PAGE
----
The acclaimed San Diego venue continues to be a haven for “audacious and diverse work.”
By Pat Launer
A Novel virus demands a novel approach—for theaters as well as for medical professionals.
Not daunting for Christopher Ashley, artistic director of La Jolla Playhouse. For the last seven of his 13 years on the job, he has focused exclusively on innovative original work—a fairly novel way to ensure the venue’s success.
The Tony Award-winning theater (Outstanding Regional Theatre, 1993) and director (Come From Away, 2017) stake their claim as a fertile breeding ground for, as its mission statement puts it, “social, moral and political … artist-driven … audacious and diverse work.” The Playhouse considers itself “a permanent safe harbor for the unsafe and surprising.”
Founded in 1947 by Gregory Peck, Dorothy McGuire and Mel Ferrer, the company was a summer-stock retreat for Hollywood luminaries for more than a decade before its hiatus from 1959 to 1982. Since 1983, its visionary focus has brought national prominence: Of its 105 world premieres, 33 have gone to Broadway and garnered 38 Tony Awards.
Ashley expanded its presentations beyond the confines of traditional theater. His Without Walls (WOW) series and festival offered theatrical experiments and immersive experiences in locales as diverse as a botanical garden, a beach and a basketball court.
Then came 2020, and the theater’s shuttering. Instead of a multiday festival, Ashley produced stand-alone WOW events including a meditative video installation (Ancient by Mike Sears and Lisa Berger), a whimsical video series (Animal Cracker Conspiracy’s The Society of Wonder), a guided amble around your neighborhood (Blindspot Collective’s Walks of Life) and an irreverent “broadcast” (The Totally Fake Latino News With Culture Clash).
“One silver lining of this moment,” Ashley says, “is that it’s brought us a wide and international audience. The first few months of WOW attracted 58,000 viewers.”
Another: loyal donors.
“We’re dependent on the kindness of strangers—and friends—since the ticket revenue from these experimental approaches is so tiny,” Ashley says. “San Diego has some of the most passionate arts supporters of any city I know.”
The venue’s education and outreach programs reach 50,000 San Diegans annually. Its Performance Outreach Program (POP) takes new commissioned plays into local schools.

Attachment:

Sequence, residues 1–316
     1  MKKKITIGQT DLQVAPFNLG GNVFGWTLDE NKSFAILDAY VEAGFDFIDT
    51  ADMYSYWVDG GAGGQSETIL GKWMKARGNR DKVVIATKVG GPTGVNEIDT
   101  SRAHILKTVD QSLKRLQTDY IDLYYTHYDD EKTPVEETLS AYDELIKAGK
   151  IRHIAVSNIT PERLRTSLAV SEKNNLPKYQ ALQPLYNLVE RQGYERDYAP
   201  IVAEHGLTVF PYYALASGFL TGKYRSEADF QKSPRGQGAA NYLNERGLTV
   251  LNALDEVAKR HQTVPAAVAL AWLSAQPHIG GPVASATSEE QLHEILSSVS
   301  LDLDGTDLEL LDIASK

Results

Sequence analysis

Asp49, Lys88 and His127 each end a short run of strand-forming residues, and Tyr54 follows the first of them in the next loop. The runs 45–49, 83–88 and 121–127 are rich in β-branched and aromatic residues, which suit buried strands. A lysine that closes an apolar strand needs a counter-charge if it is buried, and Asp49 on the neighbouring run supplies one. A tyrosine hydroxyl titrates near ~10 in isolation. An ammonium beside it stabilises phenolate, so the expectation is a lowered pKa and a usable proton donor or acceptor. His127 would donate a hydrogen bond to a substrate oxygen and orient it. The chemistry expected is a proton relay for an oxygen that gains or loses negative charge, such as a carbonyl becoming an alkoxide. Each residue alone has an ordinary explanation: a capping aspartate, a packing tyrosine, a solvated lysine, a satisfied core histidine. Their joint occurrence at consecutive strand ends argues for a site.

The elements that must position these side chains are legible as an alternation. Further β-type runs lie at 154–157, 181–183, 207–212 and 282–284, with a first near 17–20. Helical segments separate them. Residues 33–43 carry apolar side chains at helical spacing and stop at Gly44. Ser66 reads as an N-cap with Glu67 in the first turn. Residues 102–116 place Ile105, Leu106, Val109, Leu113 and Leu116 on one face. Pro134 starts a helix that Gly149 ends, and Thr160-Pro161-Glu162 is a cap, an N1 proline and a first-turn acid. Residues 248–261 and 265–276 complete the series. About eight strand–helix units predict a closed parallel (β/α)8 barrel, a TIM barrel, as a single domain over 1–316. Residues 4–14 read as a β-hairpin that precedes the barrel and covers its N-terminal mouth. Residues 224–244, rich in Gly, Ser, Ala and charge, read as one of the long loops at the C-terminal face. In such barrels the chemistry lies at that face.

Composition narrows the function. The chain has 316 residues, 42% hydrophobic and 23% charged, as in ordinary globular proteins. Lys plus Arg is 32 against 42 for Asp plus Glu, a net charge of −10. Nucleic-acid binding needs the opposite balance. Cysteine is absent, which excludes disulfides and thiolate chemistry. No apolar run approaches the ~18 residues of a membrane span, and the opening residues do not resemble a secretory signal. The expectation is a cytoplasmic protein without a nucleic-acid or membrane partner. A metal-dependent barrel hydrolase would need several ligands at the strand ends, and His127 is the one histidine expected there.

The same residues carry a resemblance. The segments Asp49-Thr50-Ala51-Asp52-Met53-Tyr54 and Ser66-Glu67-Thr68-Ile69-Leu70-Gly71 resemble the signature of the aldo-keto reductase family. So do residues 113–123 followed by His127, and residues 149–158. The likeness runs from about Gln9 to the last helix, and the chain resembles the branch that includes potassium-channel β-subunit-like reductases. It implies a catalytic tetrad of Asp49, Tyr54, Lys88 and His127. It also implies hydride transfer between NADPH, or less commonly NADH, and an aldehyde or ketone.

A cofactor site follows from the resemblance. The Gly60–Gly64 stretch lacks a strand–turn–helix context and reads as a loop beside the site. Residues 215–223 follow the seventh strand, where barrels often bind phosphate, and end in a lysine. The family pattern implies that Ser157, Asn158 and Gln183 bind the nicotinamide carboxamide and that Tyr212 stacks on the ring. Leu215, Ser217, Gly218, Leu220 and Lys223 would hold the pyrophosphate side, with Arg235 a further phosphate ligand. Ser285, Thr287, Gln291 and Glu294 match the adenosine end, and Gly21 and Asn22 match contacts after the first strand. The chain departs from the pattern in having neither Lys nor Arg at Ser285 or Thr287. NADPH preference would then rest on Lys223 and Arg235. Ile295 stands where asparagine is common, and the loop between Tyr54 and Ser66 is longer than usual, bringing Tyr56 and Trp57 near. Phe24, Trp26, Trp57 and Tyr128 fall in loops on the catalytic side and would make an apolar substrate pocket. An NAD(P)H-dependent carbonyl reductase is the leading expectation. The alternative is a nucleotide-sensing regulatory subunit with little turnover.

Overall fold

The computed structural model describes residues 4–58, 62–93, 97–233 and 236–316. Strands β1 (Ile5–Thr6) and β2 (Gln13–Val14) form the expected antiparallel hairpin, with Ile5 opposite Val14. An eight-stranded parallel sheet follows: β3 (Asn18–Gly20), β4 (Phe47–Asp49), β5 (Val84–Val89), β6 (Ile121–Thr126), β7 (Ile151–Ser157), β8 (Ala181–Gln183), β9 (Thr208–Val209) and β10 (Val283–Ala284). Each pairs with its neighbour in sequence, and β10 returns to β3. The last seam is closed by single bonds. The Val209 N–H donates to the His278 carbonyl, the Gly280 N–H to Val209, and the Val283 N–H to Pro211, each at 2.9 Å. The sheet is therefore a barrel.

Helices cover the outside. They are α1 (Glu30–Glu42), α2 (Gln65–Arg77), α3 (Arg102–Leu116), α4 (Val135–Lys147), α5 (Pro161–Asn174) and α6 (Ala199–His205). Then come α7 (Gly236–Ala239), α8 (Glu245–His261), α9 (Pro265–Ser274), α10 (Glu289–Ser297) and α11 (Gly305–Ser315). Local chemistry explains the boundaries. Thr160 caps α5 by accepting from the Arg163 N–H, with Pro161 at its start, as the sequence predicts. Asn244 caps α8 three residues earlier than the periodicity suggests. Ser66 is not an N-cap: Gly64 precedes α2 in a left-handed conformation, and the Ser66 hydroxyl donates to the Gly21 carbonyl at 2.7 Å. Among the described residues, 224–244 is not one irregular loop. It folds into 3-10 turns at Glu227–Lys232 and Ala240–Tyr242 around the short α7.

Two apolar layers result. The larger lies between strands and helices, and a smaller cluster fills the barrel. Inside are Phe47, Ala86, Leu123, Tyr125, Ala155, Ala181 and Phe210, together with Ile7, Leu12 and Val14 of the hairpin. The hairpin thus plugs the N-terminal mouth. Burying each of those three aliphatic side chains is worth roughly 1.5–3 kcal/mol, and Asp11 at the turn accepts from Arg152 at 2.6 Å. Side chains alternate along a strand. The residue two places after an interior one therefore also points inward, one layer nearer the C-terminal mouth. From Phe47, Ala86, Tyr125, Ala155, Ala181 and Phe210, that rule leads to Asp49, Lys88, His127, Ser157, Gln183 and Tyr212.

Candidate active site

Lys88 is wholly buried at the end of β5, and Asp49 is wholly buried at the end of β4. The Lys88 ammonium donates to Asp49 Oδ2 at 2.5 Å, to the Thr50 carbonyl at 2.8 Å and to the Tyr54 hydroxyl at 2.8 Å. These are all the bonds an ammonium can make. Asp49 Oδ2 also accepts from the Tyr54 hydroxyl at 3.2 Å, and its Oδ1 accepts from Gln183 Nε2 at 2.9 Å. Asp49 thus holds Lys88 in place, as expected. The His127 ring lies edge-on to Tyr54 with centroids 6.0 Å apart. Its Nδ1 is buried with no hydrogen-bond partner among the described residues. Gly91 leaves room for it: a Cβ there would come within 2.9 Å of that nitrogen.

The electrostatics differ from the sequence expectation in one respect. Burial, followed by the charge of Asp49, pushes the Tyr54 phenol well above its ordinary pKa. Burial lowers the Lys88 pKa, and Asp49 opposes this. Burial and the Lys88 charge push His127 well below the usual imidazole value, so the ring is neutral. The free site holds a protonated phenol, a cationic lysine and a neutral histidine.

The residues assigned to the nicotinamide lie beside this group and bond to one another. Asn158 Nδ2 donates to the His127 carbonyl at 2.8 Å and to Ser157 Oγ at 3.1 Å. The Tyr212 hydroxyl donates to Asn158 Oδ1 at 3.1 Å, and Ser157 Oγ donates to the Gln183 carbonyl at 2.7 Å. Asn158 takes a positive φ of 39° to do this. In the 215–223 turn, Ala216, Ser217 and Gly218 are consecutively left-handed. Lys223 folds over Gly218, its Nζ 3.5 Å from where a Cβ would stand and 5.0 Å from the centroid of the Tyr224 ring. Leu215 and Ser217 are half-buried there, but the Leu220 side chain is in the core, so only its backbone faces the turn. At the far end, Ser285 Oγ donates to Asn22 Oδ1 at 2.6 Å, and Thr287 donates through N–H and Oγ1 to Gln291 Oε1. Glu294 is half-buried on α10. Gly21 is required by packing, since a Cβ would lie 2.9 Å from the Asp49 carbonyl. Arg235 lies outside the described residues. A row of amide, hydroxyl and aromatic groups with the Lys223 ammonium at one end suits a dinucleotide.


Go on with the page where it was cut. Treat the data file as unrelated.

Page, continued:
Commissions are a company cornerstone: 58 commissioned plays to date, 24 artists under commission now. “Those artists have comprised an incredible BIPOC list [Black, indigenous and people of color]. I want to encourage voices that haven’t been heard.”
The pandemic forced Ashley to shut down nine shows, including five productions of Come From Away on Broadway and elsewhere and the national tour of Margaritaville, both Playhouse-birthed.
Diana, the new musical about the beloved princess, premiered at the Playhouse in 2019 and was in Broadway previews when COVID-19 arrived. It has a new Broadway opening date (May 25), and a filmed version will be released on Netflix before the Broadway premiere, making it the first Broadway show to return to live theater with a hybrid model. The cast album is nearly complete.
“We’ll get back to having people together in a room, experiencing a story,” Ashley says. “That’s been going on for thousands of years, and it’s not going away for good.”
But for now, his eye is on intrepid WOW work.”We fully produce more commissioned plays and musicals than any other theater I know,” Ashley says. “Playhouse audiences love new work. They’re very receptive
and very interested in having a new experience. They are up for being challenged.”
Photos from top: Matthew Murphy, Jim Carmody